From its formation in 1969 to its demise in 1979, Brownsville Station maintained its reputation as one of the hardest working bands in Michigan. Led by the irrepressible Cub Koda, the band wore its 50’s Rock and Roll roots on its collective sleeve. Blending their love of Blues and Boogie styles with an energetic stage show and a sense of humor, Brownsville Station became a favorite in the Midwest and in arenas across the country.
Michael ‘Cub’ Koda grew up loving music in Southeast Michigan in the 1950’s. He started out playing the drums, and his famous nickname was bestowed on him after an impromptu drum performance as a pre-teen on a cruise ferry in Detroit. Cubby O'Brien was a regular who drummed on The Mickey Mouse Club, a popular television show for kids, and the bandleader announced him as “Cubby” Koda when he came onstage. Although he started out playing the drums, Cub switched to guitar after his father purchased a newspaper in tiny Manchester, Michigan, and he met Rusty Creech and Doug Hankes.
Along with Creech and Hankes, Cub formed his first band, the Del-Tinos, while all three were attending Manchester High School. This early band would foreshadow Brownsville Station in that they combined Rock and Roll, Rhythm and Blues, and Rockabilly. The Del-Tinos released their first 45 on their own Del-Tino label in 1963, a cover of Roy Orbison’s early Sun recording of “Go Go Go”. The band recorded two other singles before breaking up in 1966.
After a couple of false starts, Cub formed Brownsville Station in 1969 following a chance meeting with Michael Lutz at a record store in Ann Arbor, Michigan. They quickly added bassist Tony Driggins and drummer T.J. Cronley to complete the group.
It was a heady time to be in a band in Southeast Michigan with local groups like the Rationals, MC5, the Bob Seger System, SRC, and the Stooges signing recording contracts with major labels. Brownsville Station started out as an opening act for many of these bands blasting out R&B covers like Gino Washington's "Gino Is A Coward" and building an avid fan base in the process.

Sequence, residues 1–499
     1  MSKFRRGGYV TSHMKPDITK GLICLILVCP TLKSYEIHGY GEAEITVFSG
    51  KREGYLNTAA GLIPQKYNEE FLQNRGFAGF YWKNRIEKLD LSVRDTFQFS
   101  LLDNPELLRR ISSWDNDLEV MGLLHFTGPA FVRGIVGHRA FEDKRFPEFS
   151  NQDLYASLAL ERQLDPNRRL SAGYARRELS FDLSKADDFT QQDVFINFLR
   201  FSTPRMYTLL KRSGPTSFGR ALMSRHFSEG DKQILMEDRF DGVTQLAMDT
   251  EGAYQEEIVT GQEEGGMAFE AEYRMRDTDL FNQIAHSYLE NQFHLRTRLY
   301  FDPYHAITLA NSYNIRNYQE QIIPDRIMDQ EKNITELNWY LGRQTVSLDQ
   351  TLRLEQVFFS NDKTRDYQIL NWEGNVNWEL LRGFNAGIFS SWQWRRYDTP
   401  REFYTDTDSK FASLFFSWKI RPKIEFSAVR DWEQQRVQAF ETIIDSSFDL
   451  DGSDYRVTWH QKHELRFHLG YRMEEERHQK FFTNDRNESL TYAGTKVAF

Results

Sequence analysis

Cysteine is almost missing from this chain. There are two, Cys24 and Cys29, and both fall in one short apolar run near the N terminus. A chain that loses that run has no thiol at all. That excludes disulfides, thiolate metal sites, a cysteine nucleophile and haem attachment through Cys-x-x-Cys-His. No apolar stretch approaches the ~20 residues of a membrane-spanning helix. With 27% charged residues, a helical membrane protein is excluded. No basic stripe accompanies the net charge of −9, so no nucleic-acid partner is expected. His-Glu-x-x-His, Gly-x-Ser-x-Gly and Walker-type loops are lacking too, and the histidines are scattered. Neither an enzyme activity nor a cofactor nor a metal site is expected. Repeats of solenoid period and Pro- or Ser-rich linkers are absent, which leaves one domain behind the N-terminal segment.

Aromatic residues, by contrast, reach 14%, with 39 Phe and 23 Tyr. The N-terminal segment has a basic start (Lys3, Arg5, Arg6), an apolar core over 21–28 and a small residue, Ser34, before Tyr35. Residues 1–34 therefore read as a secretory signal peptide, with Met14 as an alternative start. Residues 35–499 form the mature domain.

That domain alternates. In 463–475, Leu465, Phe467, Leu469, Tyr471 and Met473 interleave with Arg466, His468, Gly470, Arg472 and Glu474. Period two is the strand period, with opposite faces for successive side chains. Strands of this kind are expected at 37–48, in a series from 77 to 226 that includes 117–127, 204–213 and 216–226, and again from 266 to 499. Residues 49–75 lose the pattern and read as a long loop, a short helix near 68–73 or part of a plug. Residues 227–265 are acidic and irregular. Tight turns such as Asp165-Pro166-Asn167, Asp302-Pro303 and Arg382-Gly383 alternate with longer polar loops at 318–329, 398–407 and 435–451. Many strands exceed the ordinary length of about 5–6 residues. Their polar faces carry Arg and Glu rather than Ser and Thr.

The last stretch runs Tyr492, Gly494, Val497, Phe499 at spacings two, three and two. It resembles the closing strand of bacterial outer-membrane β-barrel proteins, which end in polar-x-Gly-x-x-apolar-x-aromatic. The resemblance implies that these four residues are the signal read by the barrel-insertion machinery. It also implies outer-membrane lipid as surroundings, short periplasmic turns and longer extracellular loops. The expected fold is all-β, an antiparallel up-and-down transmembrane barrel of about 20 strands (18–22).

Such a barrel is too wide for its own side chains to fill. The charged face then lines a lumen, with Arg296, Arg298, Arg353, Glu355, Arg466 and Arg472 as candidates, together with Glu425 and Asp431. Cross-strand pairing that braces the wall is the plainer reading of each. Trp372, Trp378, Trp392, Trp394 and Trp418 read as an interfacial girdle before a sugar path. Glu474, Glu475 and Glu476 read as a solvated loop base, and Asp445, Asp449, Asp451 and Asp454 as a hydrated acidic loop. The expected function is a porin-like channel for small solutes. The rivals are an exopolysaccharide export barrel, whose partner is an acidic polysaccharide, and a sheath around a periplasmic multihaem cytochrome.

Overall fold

In 1970, they recorded a local hit single with a Cub Koda original called “Rock And Roll Holiday” on the Hideout label. The song became an audience favorite and the band’s set-closer for the next four years.
Brownsville Station’s second single, “Be-Bop Confidential” was first released on Punch Andrew’s Palladium label out of Detroit, but it was picked up for national distribution by Warner Bros. Records in 1970.
The band recorded its first album, “No B. S.”, on Palladium that same year. Once again Warner Bros. stepped in to distribute the record nationally. Brownsville Station’s third single, “Do The Bosco”, was released from the album and became another local hit.
Unfortunately, Warner Bros. looked at Brownsville Station as a type of “oldies” parody much like Sha-Na-Na, and the band got lost in the shuffle of the major label. They were dropped in 1971 after the next single, “Tell Me All About It”, tanked despite having Bob Seger singing on the last verse.
After spending the next year playing on the road, Brownsville Station signed with Big Tree Records. Henry Weck replaced T.J. Cronley on drums when Cronley accepted a commission with the Marines. T.J.'s love of tactical military aviation was even greater than his love of rock and roll, and he would fly A4-M's and Harriers for the next twenty years.
Brownsville Station recorded their second album, “A Night On The Town” in 1972. The next year saw the band chart for the first time on Billboard’s Hot 100 with the singles “The Red Back Spider” and their cover of Jimmy Cliff’s “Let Your Yeah Be Yeah”. The latter recording is often cited as the first Reggae tune ever done by an American rock band.